What’s more, a president seeking reelection depends on the public for support. Although launching military action can bump up public approval in the short term, known as a rally effect, it’s a risky strategy for presidents with shaky approval — because unsuccessful or high-casualty military actions can reduce approval over time.

U.S. adversaries know this. When they see a president is politically weak at home, they are more likely to disregard even the most resolute presidential statements.

The U.S. war in Vietnam is a classic example. During the war, President Lyndon B, Johnson lamented, “I so much wish that it were within my power to assure that all those in Hanoi could hear one simple message: America is committed to the defense of South Vietnam.”

But the North Vietnamese heard more than one message. Yes, both Presidents Johnson and Richard M. Nixon resolved to fight as long as necessary. But even early in the war, the North Vietnamese Communist Party correctly predicted that U.S. public support for the war would weaken, when it declared, “Politics has always been the enemy’s [U.S.] weak point.” By the late 1960s, the public and members of Congress were increasingly vocal about their opposition to the war. That undermined efforts to display a resolute national front — and gave the North Vietnamese little incentive to back down.

My broader quantitative analysis of presidential statements of resolve in U.S. disputes similarly finds that political weaknesses make it harder for presidents to convey credible resolve. For example, when more people disapprove of the president’s job performance than approve, there is no longer any notable relationship between resolute presidential statements and the probability of success.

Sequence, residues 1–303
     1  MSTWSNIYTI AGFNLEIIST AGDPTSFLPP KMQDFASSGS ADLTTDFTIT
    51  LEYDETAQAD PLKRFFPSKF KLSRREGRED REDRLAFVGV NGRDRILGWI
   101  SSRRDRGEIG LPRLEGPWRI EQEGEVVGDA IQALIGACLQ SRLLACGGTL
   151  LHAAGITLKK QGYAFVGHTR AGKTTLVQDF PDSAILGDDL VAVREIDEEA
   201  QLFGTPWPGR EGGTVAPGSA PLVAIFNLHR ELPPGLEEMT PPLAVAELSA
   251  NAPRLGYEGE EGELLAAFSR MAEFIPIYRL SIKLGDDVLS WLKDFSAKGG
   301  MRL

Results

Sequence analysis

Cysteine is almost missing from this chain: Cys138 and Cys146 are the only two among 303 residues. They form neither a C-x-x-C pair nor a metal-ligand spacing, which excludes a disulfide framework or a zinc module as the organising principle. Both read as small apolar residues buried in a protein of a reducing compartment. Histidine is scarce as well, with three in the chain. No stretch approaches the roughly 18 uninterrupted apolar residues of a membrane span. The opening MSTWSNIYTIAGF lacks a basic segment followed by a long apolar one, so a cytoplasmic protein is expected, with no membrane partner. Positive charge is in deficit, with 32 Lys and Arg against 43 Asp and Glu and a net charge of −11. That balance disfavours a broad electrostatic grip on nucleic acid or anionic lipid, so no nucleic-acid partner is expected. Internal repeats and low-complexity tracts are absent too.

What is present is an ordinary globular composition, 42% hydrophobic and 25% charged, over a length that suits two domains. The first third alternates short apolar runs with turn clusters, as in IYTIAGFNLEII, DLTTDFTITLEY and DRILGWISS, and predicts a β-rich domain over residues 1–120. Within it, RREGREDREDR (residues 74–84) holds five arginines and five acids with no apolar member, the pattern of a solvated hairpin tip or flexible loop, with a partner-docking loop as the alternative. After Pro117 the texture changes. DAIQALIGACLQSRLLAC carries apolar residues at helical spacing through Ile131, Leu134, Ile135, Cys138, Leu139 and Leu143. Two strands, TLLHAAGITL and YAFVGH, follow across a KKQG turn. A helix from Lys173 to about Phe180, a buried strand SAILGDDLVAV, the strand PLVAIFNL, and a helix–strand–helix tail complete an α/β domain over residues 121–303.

Trump’s statements of resolve are not supported at home

Trump’s attempt to convey firm resolve is undermined by his many domestic political problems and constraints. First, his approval rating has recently been at a historic low, and his biggest supporters are wary of foreign entanglements. Second, his relations with Congress are strained, creating greater congressional willingness to challenge the president in foreign affairs. Third, Trump’s own administration is full of divisions, and his own advisers have not always supported his preferences on issues such as the Iran nuclear deal. And in these latest statements on North Korea, Secretary of State Rex Tillerson appears to be moderating Trump’s rhetoric.

If Trump tries to follow through with substantial military action, he’s likely to face pushback from the public, from his advisers and from Congress. To be sure, domestic troubles are not the only reason that Trump’s statements lack credibility. Trump has a reputation for speaking falsely and breaking pledges. And because his military options against North Korea are few and have many possible undesirable or even disastrous consequences, his threats are less credible.

Trump could increase U.S. credibility abroad by improving relations with others in government and rallying the public behind him. But such efforts would require sustained attention and would take time to pay off, and it’s not clear whether Trump would be willing to try.

Roseanne McManus is an assistant professor at Baruch College, City University of New York, and author of  “Statements of Resolve: Achieving Coercive Credibility in International Conflict” (Cambridge University Press, 2017).